Sales of video games via downloads may surpass physical copies for the first time this holiday season, The New York Times reported Sunday.
However, games in physical formats continue to dominate sales overall.
“While it is clear that digital downloading is growing, according to NPD’s quarterly Games Market Dynamics report, we see that within consoles and portables, new physical software represented 67 percent of spending for the 12 months ending September 2015, with digital downloads and DLC representing the remaining 33 percent,” Liam Callahan, games industry analyst at theNPD Group, told the E-Commerce Times.
Video game software sales experienced a 7 percent decline, from US$1.07 billion in November 2014 to $993.9 million this year, NPD said. However, hardware sales were up by 2 percent from 2014 to $2.47 billion, driven by bundles and price cuts in Sony’s PlayStation 4 and Microsoft’s Xbox One.
That decline in sales, coupled with an increase in downloads, has hurt traditional brick-and-mortar retailers such asGameStop, which is one of the industry’s top video game sellers. It faced a bleak holiday that included disappointing earnings, and as a result the company saw its stock decline in November.
On the Download
Game publishers largely have driven the shift to downloads by offering downloads via their own services or through third-party services such as Steam.
As for the boom in reports of downloads overtaking physical copies, that could be chalked up to better accounting practices.
“Until recently, online downloads were largely undercounted,” said independent video game analystBilly Pidgeon.
“Now we are seeing that the companies are trying to report those sales more,” he told the E-Commerce Times.
“The company’s financial reports are really calling out these sales a lot more, and the industry is doing a much better job of tracking these online sales,” added Pidgeon.
However, gamers may head to the stores, if not for the games themselves then to make other purchases.
“The retail of download codes via prepaid cards, both for personal use and for gifting, can persist,” said Steve Bailey, senior analyst for games atIHS Technology.
“Physical special editions, with higher recommended retail price aimed at high-end appreciators of any given game, can find presence at physical retail,” he told the E-Commerce Times.
PC and Console Downloads
High-speed broadband and gaming services have become game changers for industry as well.
“In many ways, downloads are easier for people,” noted Pidgeon.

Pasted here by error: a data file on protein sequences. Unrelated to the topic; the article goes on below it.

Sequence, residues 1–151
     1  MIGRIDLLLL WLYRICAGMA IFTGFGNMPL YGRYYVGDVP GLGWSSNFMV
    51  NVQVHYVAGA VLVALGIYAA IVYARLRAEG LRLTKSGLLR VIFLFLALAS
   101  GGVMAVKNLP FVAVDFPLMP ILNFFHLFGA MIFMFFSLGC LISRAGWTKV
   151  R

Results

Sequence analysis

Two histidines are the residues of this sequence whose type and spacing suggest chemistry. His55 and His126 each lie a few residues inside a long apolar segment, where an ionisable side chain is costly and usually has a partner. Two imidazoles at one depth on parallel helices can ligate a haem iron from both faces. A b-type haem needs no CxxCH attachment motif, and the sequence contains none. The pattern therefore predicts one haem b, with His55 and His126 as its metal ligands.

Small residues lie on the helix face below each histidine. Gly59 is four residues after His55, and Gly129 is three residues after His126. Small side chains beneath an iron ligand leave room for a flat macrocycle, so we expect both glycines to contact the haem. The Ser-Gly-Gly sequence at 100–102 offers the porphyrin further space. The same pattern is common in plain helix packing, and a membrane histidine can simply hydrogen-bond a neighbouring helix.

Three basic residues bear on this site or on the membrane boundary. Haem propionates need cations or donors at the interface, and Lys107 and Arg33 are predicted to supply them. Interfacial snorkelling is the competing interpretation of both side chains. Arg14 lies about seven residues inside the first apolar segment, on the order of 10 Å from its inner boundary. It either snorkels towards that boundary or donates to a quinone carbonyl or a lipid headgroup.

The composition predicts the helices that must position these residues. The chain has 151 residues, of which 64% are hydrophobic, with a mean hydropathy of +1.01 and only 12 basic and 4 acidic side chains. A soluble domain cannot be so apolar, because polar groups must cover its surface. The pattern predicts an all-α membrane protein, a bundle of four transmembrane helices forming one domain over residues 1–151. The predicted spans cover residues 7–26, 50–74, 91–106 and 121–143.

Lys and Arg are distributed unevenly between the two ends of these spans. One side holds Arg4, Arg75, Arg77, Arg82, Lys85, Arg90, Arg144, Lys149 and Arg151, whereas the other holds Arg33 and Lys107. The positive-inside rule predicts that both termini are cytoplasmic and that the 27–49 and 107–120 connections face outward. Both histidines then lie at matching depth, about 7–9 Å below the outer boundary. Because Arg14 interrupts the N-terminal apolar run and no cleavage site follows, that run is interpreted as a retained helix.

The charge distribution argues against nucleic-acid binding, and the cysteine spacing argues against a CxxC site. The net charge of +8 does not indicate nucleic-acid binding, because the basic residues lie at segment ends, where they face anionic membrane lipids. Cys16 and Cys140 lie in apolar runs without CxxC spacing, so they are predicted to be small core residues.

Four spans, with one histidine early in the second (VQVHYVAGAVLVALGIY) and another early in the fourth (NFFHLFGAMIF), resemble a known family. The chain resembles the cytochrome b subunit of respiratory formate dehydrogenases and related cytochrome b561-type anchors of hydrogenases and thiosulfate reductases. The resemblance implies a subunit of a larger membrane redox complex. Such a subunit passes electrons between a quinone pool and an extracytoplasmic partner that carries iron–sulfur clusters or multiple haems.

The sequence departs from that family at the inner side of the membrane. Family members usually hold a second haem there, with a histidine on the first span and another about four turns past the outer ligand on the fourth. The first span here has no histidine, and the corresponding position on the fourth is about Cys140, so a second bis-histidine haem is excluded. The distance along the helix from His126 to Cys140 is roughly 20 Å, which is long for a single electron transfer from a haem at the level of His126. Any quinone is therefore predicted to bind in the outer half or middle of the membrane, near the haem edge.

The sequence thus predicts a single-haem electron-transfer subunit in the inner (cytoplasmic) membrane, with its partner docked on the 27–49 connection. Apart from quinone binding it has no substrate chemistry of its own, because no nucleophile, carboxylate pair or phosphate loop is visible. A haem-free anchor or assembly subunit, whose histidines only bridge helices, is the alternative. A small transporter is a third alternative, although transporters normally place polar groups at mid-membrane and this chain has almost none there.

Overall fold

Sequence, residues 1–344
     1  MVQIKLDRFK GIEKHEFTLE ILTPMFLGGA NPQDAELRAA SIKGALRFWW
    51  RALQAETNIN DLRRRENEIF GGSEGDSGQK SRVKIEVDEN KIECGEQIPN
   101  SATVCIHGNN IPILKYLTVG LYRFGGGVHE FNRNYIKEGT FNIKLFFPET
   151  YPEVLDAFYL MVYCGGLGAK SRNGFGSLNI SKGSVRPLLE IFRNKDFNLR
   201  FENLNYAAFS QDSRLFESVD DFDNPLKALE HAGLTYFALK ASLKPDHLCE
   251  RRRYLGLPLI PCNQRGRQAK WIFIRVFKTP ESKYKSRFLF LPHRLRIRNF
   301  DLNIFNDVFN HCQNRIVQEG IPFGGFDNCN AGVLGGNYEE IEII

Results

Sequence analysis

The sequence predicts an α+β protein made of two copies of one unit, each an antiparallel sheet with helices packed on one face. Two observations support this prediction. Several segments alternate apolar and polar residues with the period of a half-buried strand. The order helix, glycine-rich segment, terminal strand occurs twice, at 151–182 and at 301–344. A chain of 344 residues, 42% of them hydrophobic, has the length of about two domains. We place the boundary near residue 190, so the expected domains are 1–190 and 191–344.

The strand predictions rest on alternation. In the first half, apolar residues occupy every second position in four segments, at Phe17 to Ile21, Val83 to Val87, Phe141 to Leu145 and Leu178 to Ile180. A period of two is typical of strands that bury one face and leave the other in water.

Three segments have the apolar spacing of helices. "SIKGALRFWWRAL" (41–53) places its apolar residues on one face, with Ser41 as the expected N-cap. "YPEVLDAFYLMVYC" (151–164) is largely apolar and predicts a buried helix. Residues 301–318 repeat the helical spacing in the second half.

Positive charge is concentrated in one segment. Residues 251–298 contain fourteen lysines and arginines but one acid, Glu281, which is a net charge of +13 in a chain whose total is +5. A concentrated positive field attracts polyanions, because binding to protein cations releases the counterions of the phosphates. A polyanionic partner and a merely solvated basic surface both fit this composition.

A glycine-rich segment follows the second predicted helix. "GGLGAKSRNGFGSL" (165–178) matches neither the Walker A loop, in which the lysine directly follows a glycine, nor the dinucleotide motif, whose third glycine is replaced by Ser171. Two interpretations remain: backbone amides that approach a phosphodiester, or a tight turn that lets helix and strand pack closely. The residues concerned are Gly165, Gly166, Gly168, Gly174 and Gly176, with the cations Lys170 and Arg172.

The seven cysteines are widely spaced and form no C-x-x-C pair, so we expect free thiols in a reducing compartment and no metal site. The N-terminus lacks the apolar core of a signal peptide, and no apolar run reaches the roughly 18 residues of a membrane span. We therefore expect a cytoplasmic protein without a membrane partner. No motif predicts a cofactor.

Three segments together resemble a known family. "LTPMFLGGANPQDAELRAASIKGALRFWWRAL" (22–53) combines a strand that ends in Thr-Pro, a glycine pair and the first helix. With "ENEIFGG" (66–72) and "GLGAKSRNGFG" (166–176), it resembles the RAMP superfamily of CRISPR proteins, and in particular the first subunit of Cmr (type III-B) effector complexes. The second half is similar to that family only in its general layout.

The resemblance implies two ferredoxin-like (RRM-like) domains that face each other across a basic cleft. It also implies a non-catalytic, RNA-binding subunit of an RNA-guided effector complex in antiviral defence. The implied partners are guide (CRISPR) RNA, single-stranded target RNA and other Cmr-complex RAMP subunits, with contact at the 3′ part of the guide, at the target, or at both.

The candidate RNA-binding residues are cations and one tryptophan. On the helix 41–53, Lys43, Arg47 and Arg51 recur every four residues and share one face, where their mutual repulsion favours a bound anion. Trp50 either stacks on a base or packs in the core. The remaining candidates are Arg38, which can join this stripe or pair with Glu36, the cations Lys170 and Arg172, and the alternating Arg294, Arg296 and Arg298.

The services allow users not only to buy games but to see what games their friends are playing, and even buy games so that their friends can join them.
“PC games are almost entirely sold via download, and this is an extension of the streaming media culture of the PC,” Pidgeon said.
“This is now translating to the consoles, where games and add-on content can be so easily bought, and this combined is keeping people out of stores,” he added.
Future of Brick and Mortar
Despite these changes, it’s unlikely that physical video game shops will disappear, even if the industry continues to move toward downloads.
“Specialist retailers can still have a place in the gaming landscape, if they focus on providing customers with an expertly curated experience,” said IHS’ Bailey. “A chance to try out games directly in store, say, accompanied by hands-on help and advice from staff, can still have a place.”
In addition, physical shops could have continued merchandising opportunities, which is something retail has long been exploring. That could grow as the sphere of gaming expands and includes areas such as social video and eSports.
“There’s also what we call the ‘connected toys’ segment, such as Skylanders and Disney Infinity, where physical items interact with digital content. Once more, this remains strong potential touchpoint for retailers,” said Bailey
The Hard Truth
While online sales likely will remain strong as the devices become more complex, some gamers want to go to the store to try them out in person.
“Virtual reality is still emerging but is a space where retail could play a significant role,” suggested Bailey.
“If VR is to be effectively commercialized from a gaming standpoint, there’s an enormous amount of demoing and education that has to be offered to consumers, and retailers could become effective showrooms,” he added. “Apart from that, certain other physical roles are unlikely to fade — hardware needs to be sold.”